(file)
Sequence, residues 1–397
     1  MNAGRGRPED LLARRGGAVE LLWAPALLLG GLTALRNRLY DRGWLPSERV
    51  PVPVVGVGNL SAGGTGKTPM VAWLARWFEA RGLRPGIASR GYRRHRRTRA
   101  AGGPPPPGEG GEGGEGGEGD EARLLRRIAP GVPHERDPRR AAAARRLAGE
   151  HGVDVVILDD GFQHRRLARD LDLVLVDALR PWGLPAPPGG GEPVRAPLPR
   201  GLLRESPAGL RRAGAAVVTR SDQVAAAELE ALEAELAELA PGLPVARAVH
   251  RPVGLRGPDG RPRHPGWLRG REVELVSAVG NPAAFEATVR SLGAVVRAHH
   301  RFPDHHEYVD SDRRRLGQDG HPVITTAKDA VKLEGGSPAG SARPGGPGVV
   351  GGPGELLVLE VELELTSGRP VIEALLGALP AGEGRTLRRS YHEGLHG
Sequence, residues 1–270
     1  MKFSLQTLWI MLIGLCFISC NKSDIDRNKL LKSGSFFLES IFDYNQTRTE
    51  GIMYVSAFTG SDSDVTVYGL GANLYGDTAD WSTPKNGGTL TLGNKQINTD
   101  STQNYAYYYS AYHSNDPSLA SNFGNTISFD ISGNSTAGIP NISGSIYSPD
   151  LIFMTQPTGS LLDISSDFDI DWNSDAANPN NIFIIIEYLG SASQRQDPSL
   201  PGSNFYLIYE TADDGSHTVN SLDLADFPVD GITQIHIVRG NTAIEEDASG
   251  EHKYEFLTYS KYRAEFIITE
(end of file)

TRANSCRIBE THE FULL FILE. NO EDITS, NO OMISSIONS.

Sequence, residues 1–397
     1  MNAGRGRPED LLARRGGAVE LLWAPALLLG GLTALRNRLY DRGWLPSERV
    51  PVPVVGVGNL SAGGTGKTPM VAWLARWFEA RGLRPGIASR GYRRHRRTRA
   101  AGGPPPPGEG GEGGEGGEGD EARLLRRIAP GVPHERDPRR AAAARRLAGE
   151  HGVDVVILDD GFQHRRLARD LDLVLVDALR PWGLPAPPGG GEPVRAPLPR
   201  GLLRESPAGL RRAGAAVVTR SDQVAAAELE ALEAELAELA PGLPVARAVH
   251  RPVGLRGPDG RPRHPGWLRG REVELVSAVG NPAAFEATVR SLGAVVRAHH
   301  RFPDHHEYVD SDRRRLGQDG HPVITTAKDA VKLEGGSPAG SARPGGPGVV
   351  GGPGELLVLE VELELTSGRP VIEALLGALP AGEGRTLRRS YHEGLHG
Sequence, residues 1–270
     1  MKFSLQTLWI MLIGLCFISC NKSDIDRNKL LKSGSFFLES IFDYNQTRTE
    51  GIMYVSAFTG SDSDVTVYGL GANLYGDTAD WSTPKNGGTL TLGNKQINTD
   101  STQNYAYYYS AYHSNDPSLA SNFGNTISFD ISGNSTAGIP NISGSIYSPD
   151  LIFMTQPTGS LLDISSDFDI DWNSDAANPN NIFIIIEYLG SASQRQDPSL
   201  PGSNFYLIYE TADDGSHTVN SLDLADFPVD GITQIHIVRG NTAIEEDASG
   251  EHKYEFLTYS KYRAEFIITE